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The Truth Behind How To Spot A Liar - By Chris Gearing

Wednesday, November 13, 2013

Watch Dr. Sylvia Gearing on the CW 33 discussing how you can spot a liar - click here.

Read the story featuring Dr. Sylvia Gearing on the CW 33 - click here.

Reposted from "The Truth Behind How To Spot A Liar" by Selena Hernandez on the CW 33

Everyone’s guilty of doing it; to deny it would mean you’re probably lying.

Studies have shown, on average, a person will tell two lies and hour. What’s more, studies suggest one out of every 10 texts is a lie. But, you don’t have to find yourself trapped in someone’s web of deceit.

“I would say without a doubt, everyone lies,” Dr. Sylvia Gearing said.

Dr. Sylvia Gearing is a psychologist and author. She has extensively studied liars and their behavior patterns. She revealed people lie for two reasons: either to spare someone else’s feelings or to make a situation easier for themselves.

“We call those lies of concealment; we just don’t tell all of the truth, we just edit the truth to suit our purposes.”

Dr. Gearing added liars tend to focus on their words, so they’re quick to forget about their facial features.

“They forget what their face looks like, and that’s where the clues are – always.”

Gearing offered some obvious clues to look for, if you feel like someone is out to dupe you.

  • slow, deliberate pauses when speaking
  • repeating the question you just asked
  • smiling out of context
  • a nervous, shaking foot or leg

“People who are lying are dead set, there’s a mask,” Dr. Gearing explained. “They’re smiling, and they’re controlling their presentation and their words that way.”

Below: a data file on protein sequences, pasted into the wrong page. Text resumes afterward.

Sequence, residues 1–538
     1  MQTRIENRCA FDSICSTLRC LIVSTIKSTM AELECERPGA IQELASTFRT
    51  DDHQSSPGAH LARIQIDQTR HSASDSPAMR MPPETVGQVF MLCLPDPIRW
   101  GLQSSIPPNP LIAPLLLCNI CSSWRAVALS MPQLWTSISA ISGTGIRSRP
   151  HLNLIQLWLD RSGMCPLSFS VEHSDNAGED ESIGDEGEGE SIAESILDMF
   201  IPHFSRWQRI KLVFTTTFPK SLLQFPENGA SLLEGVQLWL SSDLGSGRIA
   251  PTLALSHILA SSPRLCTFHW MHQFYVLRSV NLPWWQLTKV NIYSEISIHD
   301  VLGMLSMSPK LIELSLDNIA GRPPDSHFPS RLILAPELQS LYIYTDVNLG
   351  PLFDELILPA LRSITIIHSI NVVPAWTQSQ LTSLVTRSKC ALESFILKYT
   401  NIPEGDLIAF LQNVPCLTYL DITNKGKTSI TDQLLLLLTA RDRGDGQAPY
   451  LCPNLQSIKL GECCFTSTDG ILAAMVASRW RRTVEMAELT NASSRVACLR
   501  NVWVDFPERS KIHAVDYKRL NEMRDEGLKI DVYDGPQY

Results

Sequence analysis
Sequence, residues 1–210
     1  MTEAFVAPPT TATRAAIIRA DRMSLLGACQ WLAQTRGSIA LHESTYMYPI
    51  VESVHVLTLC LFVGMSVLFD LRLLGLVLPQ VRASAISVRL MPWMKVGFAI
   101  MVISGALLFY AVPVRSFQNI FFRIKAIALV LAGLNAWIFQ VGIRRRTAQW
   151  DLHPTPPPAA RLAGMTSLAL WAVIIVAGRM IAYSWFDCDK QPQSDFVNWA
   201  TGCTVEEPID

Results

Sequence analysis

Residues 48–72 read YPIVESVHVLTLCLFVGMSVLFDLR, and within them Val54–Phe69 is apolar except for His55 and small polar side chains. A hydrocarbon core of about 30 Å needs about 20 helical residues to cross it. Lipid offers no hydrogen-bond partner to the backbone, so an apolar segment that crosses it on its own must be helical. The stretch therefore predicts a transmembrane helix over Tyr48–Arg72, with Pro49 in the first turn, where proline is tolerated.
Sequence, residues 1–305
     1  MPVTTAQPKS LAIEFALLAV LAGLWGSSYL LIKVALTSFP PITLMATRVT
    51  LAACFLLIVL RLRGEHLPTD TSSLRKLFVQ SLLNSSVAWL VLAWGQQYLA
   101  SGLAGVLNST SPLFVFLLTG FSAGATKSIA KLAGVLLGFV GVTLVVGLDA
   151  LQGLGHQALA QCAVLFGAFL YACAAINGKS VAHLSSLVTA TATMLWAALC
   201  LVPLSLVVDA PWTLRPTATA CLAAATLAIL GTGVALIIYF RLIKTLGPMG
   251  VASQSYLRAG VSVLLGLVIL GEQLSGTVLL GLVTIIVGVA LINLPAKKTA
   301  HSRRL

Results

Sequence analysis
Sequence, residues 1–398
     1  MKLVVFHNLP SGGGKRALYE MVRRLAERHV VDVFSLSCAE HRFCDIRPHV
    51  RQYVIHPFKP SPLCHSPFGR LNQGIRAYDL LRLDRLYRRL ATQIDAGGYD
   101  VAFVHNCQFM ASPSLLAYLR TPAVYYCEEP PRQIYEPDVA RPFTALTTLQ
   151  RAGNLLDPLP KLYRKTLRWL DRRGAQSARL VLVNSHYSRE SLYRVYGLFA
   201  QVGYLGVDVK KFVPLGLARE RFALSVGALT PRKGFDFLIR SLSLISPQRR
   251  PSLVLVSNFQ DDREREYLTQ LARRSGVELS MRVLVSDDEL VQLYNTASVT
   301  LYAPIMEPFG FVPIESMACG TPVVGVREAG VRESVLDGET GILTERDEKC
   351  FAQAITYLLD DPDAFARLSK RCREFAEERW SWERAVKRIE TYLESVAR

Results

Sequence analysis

We recruited the help of four Nightcap staff members: Jennifer, Keith, Christian and Keisha. For every question we asked, they each gave two responses: one is the truth and the other is a lie. Can you spot the lie?

Question #1 “What did you do last night?”

Jennifer: “Last night, I walked my dog and went to bed around nine o’clock.”

Jennifer: “I passed out candy to trick-or-treaters.”

If you guessed the lie was the first response – you’re right!

Dr. Gearing said it was the subtleties in her facial expression. “Nine o’clock –her mouth went up, and then she frowned”

Question #2 “What did you have for breakfast?”

Keith: “I went to the Pancake House and had their apple turnover pancake with, uh, with some coffee. I think that was it.”

Keith: “I had cereal.”

The lie was the first response. Dr. Gearing offered some perspective. “There was too much stalling and making up as he went along, and again, too much detail. People who want to manipulate you, over tell you.”

Question #3 ”Have you ever been in a car accident?”

Christian: “Yes, I’ve been in a couple car accidents, um, but they’ve never been my fault. They’re usually somebody hitting me.”

Christian: “I have been in a couple car accidents, and um, they have all been my fault.”

Again, the first response was a lie.

“When he had to pause, he took a little more time to get that lie out because he’s not used to lying,” Dr. Gearing said.

Question #4 “Have you ever told a lie because you thought you could get away with it?”

Keisha: “Yes, several.”

Keisha: “No. I’ve never told a lie, um, not even a white one, no.”

The obvious lie here, was the second response.

“She lies by exaggerating the facts,” Dr. Gearing noted. “She enjoyed it when she was saying it. Nevertheless, it gave her away – it was a dead giveaway.”

Visual clues to keep in mind, the next time you find yourself trying to call someone’s bluff.


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